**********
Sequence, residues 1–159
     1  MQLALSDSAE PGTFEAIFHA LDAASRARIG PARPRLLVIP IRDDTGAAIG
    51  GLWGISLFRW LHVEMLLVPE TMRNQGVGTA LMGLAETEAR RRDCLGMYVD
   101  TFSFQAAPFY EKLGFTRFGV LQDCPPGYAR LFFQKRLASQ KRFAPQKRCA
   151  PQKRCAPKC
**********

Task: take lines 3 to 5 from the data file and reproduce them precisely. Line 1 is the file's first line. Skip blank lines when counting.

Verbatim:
    51  GLWGISLFRW LHVEMLLVPE TMRNQGVGTA LMGLAETEAR RRDCLGMYVD
   101  TFSFQAAPFY EKLGFTRFGV LQDCPPGYAR LFFQKRLASQ KRFAPQKRCA
   151  PQKRCAPKC